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Images: Make a difference: understanding Pendleton’s recycling program [Image 4 of 6]

Photo by Lance Cpl. Michelle BrinnSmall RSS IconSubscriptions Icon

Make a difference: understanding Pendleton’s recycling program

Although recycling participation is high on base, the man-hours that are used to extract trash from recycled products are excessive. Pendleton officials are asking base occupants to be aware of good recycling habits in order for its benefits to be truly effective.



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Public Domain Mark
This work, Make a difference: understanding Pendleton’s recycling program [Image 4 of 6], by Cpl Michelle Brinn, identified by DVIDS, is free of known copyright restrictions under U.S. copyright law.

Date Taken:03.05.2012

Date Posted:03.06.2012 15:42

Photo ID:536223

VIRIN:120305-M-#####-002

Resolution:5401x3601

Size:7.59 MB

Location:CAMP PENDLETON, CA, USGlobe

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  • Al Parra, left, Charles Bradshaw, middle, GySgt. Tansey D. Olson, right, take a photo with a large sticker that will be placed on blue recycling bins around base, at the recycling center here May 17. The sticker is the newest method of protecting personal identifiable information around the base. Parra is the Privacy Act coordinator for Marine Corps Installations West – Marine Corps Base Camp Pendleton. Bradshaw is the Base Recycling Manager for Camp Pendleton. Olson is the adjutant chief for Marine Corps Installations West – Marine Corps Base Camp Pendleton.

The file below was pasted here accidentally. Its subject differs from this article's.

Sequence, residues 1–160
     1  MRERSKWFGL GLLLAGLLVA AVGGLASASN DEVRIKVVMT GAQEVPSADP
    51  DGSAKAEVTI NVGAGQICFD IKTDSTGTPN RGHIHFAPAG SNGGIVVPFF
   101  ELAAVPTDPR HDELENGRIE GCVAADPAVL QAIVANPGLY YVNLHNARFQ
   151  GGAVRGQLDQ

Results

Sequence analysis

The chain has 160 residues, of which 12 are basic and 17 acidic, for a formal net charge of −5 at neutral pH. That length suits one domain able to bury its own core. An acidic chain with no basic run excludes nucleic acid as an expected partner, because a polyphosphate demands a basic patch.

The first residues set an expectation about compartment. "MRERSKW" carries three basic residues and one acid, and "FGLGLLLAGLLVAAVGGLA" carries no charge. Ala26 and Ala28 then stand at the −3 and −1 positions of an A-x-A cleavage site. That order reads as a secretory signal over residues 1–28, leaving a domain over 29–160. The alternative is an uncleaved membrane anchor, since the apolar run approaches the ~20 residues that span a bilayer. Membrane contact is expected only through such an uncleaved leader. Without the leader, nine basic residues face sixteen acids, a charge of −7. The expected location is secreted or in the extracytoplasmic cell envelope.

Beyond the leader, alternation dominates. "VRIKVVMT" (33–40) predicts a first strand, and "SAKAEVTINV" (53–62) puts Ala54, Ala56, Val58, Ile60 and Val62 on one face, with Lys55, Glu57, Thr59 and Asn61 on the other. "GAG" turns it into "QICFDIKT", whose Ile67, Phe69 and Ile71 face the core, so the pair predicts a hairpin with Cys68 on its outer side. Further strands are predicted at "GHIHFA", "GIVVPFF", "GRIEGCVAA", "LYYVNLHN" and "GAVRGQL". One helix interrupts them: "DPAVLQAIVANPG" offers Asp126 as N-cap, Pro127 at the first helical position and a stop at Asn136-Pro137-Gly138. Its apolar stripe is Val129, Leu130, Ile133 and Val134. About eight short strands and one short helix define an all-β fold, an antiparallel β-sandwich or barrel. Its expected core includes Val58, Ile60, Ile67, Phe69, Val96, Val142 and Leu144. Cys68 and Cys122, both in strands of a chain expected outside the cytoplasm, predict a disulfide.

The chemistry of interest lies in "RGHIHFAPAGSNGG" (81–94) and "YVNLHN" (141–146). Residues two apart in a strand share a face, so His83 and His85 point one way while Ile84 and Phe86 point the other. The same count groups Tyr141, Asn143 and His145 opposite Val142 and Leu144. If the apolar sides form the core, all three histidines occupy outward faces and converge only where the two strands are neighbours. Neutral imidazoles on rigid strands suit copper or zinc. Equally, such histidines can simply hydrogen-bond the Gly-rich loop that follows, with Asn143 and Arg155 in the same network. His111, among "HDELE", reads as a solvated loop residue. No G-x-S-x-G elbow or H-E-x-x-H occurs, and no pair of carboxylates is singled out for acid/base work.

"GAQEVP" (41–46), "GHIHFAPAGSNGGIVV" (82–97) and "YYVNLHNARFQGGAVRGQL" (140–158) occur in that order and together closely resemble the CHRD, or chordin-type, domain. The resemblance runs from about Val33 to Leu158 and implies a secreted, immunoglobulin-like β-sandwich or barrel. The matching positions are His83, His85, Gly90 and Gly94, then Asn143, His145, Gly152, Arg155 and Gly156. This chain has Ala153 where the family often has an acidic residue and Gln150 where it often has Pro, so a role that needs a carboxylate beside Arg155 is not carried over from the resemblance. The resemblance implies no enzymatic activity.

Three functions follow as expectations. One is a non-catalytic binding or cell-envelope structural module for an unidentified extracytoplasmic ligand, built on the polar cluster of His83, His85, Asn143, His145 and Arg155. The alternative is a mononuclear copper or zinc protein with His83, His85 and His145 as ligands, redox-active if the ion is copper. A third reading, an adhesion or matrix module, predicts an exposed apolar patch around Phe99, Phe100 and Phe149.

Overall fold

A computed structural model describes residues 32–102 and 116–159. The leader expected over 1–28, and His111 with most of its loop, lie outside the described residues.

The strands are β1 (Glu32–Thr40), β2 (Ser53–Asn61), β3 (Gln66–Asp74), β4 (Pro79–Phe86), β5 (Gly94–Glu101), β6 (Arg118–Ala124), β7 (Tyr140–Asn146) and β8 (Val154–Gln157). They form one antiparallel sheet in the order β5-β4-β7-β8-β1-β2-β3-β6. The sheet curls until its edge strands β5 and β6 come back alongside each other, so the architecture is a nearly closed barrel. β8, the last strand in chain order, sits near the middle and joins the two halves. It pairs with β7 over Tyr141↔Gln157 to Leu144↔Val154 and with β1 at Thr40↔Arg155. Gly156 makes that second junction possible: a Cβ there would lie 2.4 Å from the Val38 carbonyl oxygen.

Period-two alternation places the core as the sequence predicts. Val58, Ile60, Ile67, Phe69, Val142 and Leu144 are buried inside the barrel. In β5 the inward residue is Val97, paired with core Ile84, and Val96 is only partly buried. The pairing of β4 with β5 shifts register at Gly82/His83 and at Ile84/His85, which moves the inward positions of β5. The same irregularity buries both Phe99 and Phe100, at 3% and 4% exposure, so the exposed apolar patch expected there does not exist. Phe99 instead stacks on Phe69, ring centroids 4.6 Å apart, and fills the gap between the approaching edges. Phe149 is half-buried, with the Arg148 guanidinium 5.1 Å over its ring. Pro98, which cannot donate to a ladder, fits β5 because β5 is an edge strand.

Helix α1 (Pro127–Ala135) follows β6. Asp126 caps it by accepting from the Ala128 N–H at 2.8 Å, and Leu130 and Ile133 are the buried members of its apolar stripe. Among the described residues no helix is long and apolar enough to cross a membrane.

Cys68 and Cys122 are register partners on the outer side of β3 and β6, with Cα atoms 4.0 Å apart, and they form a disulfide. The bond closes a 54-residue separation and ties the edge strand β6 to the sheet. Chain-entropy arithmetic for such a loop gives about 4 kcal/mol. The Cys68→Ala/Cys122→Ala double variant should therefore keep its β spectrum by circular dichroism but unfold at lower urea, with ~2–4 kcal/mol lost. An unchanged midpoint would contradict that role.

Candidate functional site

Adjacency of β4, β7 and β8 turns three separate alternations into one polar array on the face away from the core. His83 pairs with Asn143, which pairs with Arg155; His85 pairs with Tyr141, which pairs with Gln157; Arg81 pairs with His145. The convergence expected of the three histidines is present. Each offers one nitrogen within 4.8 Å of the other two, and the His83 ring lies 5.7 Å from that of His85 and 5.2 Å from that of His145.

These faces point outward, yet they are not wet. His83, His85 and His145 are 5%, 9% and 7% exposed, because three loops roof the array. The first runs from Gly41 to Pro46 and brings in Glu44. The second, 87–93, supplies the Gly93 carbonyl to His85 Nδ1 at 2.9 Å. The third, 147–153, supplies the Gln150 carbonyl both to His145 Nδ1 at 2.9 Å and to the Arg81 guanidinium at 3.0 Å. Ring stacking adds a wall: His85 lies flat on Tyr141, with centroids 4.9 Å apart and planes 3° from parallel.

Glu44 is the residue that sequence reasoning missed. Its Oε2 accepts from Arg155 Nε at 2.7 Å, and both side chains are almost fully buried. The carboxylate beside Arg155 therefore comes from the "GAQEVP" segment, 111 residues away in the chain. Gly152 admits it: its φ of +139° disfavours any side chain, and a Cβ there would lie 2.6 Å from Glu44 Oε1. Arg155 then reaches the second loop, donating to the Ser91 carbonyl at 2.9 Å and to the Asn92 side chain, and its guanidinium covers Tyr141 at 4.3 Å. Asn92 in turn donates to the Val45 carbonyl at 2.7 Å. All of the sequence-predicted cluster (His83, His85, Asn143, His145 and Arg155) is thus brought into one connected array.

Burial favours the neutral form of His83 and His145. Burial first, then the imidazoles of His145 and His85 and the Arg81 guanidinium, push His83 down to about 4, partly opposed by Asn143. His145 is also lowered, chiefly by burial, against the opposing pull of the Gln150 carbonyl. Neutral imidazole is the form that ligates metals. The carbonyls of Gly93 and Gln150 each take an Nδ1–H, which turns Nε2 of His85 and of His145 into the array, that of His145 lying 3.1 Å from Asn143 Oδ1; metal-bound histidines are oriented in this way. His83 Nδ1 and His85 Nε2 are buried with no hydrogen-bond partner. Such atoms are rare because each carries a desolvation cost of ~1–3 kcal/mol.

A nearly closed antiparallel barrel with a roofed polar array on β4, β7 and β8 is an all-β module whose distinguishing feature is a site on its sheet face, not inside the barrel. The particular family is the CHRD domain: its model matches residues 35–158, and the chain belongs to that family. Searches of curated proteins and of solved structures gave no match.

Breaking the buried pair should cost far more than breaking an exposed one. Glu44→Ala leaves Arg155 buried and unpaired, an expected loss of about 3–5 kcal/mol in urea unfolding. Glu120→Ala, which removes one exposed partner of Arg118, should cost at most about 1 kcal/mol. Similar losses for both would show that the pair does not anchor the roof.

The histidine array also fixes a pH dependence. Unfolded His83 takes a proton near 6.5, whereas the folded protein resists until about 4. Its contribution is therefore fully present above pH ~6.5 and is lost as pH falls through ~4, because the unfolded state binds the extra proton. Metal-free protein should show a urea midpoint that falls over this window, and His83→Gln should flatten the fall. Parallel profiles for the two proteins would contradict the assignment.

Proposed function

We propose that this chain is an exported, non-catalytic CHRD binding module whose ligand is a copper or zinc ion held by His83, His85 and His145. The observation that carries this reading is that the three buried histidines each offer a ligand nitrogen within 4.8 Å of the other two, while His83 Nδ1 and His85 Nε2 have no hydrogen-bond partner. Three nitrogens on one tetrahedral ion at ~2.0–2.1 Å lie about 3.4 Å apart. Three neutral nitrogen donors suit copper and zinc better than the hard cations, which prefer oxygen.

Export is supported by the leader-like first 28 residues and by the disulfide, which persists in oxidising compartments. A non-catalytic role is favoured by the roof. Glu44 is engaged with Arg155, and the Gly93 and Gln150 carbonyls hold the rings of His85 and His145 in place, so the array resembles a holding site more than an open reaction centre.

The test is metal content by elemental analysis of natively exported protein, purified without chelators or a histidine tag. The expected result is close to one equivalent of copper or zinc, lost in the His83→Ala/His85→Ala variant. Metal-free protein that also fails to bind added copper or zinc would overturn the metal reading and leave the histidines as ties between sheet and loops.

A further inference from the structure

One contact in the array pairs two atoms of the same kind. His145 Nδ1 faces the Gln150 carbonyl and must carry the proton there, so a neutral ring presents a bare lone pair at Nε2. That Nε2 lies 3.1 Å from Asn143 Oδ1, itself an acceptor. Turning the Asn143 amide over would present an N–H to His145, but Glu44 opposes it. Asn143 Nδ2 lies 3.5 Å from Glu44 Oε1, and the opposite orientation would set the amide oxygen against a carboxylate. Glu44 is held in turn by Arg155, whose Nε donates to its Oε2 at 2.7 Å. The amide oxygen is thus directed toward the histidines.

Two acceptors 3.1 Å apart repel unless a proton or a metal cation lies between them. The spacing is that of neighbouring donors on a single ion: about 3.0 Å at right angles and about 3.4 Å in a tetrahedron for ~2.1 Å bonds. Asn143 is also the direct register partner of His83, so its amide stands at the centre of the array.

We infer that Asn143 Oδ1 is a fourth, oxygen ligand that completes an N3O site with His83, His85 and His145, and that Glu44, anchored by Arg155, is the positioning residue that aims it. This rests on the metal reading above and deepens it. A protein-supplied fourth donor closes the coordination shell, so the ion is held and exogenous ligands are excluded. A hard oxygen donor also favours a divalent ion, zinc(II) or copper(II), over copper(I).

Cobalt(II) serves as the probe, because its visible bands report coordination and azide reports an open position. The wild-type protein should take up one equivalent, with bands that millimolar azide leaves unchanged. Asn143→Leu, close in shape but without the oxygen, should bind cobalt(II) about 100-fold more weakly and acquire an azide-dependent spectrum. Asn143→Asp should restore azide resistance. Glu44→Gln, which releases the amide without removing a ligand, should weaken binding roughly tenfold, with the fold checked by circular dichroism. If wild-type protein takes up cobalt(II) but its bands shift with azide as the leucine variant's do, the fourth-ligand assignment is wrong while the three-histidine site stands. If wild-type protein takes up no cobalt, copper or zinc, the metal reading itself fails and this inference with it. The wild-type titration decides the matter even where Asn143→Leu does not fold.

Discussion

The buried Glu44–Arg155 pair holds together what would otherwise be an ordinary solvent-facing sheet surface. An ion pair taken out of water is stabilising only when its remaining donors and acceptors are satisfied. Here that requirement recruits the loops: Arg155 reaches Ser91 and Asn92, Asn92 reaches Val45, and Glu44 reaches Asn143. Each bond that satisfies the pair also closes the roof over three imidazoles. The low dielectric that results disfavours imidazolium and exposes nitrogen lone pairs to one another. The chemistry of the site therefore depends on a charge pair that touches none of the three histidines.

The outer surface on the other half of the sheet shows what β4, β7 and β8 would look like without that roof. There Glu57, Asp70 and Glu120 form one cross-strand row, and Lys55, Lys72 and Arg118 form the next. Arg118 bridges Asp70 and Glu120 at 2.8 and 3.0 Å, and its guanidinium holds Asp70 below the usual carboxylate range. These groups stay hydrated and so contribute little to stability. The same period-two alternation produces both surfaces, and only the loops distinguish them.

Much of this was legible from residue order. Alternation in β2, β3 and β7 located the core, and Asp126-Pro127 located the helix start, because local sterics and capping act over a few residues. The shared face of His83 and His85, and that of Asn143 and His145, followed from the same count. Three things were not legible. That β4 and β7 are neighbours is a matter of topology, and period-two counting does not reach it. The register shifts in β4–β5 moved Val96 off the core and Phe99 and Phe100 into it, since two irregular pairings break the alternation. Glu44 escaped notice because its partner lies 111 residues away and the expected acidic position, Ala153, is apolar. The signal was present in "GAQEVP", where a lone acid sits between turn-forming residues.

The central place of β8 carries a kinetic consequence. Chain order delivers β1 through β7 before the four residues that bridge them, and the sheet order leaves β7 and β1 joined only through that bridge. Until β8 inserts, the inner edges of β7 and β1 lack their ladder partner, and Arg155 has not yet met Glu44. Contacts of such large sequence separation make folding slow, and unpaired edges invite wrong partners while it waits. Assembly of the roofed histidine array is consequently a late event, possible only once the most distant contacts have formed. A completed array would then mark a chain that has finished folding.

• Kenneth Zunker stands in front of recycling trailers at the Texas Military Forces recycling facility on Camp Mabry in Austin, Texas. Zunker, the manager of the recycling center, hopes to use recycling trailers to help increase the reach of the recycling program throughout Texas. Based in Austin, the program serves service members at more than 100 locations throughout the state. (U.S. Army National Guard photo by Mary Jo Snavely)
  • Yoa Espinosa sorts recyclables at the Recycling Center on Camp Foster. Espinosa is one of 20 dedicated employees at the Recycling Center who sort through all the recyclables from the Marine installations on Okinawa. Unlike the cans that are separated by an industrial-sized sorter, the workers must sort plastics by hand. Espinosa is the materials handler with the Recycling Center, Environmental Affairs Branch, Marine Corps Base Camp Smedley D. Butler, Marine Corps Installations Pacific.
  • A civilian contractor with the Department of Public Works helps sort and load recycled materials into large containers Nov. 30 at the old recycle yard at Joint Base Balad, Iraq. All the recycled material needed to be transported to the yard’s new location on the other side of the base.

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Make a difference: understanding Pendleton’s recycling program

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